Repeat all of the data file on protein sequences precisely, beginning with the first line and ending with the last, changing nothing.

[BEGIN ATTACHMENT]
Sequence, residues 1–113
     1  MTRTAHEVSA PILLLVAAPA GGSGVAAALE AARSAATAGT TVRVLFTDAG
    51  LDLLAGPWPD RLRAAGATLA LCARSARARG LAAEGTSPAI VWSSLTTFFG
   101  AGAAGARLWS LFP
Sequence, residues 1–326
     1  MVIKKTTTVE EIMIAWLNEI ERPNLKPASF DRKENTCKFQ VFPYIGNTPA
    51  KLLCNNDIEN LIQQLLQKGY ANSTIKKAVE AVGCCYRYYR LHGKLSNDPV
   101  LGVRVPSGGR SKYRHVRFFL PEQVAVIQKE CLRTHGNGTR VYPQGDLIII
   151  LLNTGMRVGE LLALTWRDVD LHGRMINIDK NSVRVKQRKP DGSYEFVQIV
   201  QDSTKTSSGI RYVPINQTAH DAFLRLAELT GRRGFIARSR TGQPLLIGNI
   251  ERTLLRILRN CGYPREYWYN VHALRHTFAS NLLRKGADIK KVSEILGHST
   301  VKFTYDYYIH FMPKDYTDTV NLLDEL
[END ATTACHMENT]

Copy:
Sequence, residues 1–113
     1  MTRTAHEVSA PILLLVAAPA GGSGVAAALE AARSAATAGT TVRVLFTDAG
    51  LDLLAGPWPD RLRAAGATLA LCARSARARG LAAEGTSPAI VWSSLTTFFG
   101  AGAAGARLWS LFP
Sequence, residues 1–326
     1  MVIKKTTTVE EIMIAWLNEI ERPNLKPASF DRKENTCKFQ VFPYIGNTPA
    51  KLLCNNDIEN LIQQLLQKGY ANSTIKKAVE AVGCCYRYYR LHGKLSNDPV
   101  LGVRVPSGGR SKYRHVRFFL PEQVAVIQKE CLRTHGNGTR VYPQGDLIII
   151  LLNTGMRVGE LLALTWRDVD LHGRMINIDK NSVRVKQRKP DGSYEFVQIV
   201  QDSTKTSSGI RYVPINQTAH DAFLRLAELT GRRGFIARSR TGQPLLIGNI
   251  ERTLLRILRN CGYPREYWYN VHALRHTFAS NLLRKGADIK KVSEILGHST
   301  VKFTYDYYIH FMPKDYTDTV NLLDEL